K-12 Online Teacher Preparation and Professional Development Core Findings
- The number of teacher education programs that offer field experiences in K-12 online or blended teaching is very limited, and the quality of the content is highly variable.
- Teacher preparation programs are not preparing educators for teaching in a digital setting.
- K-12 online teacher orientation and professional development programs vary greatly in intensity and duration.
- Not all state virtual schools have teacher evaluation processes in place, and for those that do, the processes vary widely.
K-12 Online Teacher Preparation
While K-12 online education continues to gain acceptance, the need for teachers to have the knowledge and experience to teach in an online or blended setting is increasingly more important. However, practical hands-on field experiences are widely absent from many teacher preparation programs. In a 2016 study of teacher preparation programs across the United States, only 4.1% of those surveyed (15 programs) reported offering a field experience in an online setting (Archambault et al., 2016). This was actually an increase from 2010 when 1.3% of responding programs (7 programs) reported offering a field experience in an online or blended setting. So while there has been an increase, the actual number of teacher education programs that offer such field experiences is actually quite small. In the coming years, it is the hope that more teacher preparation programs offer field experiences that incorporate online or blended teaching, giving teachers experience in this new reality of the teaching profession.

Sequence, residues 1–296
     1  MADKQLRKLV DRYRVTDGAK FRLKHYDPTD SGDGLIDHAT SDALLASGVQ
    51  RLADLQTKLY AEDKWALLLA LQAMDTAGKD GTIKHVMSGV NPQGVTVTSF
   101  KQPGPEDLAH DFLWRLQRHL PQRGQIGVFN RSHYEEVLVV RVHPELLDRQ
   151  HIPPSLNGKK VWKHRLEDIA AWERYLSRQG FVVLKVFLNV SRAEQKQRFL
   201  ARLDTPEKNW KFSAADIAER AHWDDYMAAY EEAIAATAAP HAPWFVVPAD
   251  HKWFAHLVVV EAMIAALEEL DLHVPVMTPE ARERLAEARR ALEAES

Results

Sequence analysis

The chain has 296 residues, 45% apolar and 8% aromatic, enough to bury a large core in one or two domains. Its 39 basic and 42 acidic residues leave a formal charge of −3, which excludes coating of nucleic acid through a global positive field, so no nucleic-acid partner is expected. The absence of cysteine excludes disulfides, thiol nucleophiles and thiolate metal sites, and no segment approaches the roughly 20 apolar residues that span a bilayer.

Furthermore, the quality of the content in the available teacher preparation programs is highly variable. In a 2018 study of Michigan teacher preparation programs, only 25% of the participating programs had an educational technology course that addressed online and blended learning and also asked learners to design lessons and assessments within an LMS (DeBruler, 2018).
While a majority of the approved teacher preparation programs in Michigan (22 out of 30) required an educational technology course as part of the required curriculum for prospective teachers, only about half of these programs (9) included online or blended content into their course (DeBruler, 2018). However, all of these courses were instructional technology or educational technology-focused, rather than focused exclusively on online or blended teaching.